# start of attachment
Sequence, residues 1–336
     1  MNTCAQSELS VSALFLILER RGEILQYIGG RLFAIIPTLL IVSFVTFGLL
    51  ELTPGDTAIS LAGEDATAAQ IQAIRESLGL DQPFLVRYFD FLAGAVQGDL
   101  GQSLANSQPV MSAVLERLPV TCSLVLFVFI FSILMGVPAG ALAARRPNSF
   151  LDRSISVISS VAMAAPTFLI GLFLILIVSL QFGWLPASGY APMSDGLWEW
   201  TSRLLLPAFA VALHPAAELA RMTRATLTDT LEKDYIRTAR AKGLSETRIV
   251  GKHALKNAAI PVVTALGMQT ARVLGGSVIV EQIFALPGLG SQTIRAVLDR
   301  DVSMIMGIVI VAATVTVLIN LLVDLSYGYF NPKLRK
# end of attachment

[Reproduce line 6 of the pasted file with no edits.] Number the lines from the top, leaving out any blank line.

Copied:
   201  TSRLLLPAFA VALHPAAELA RMTRATLTDT LEKDYIRTAR AKGLSETRIV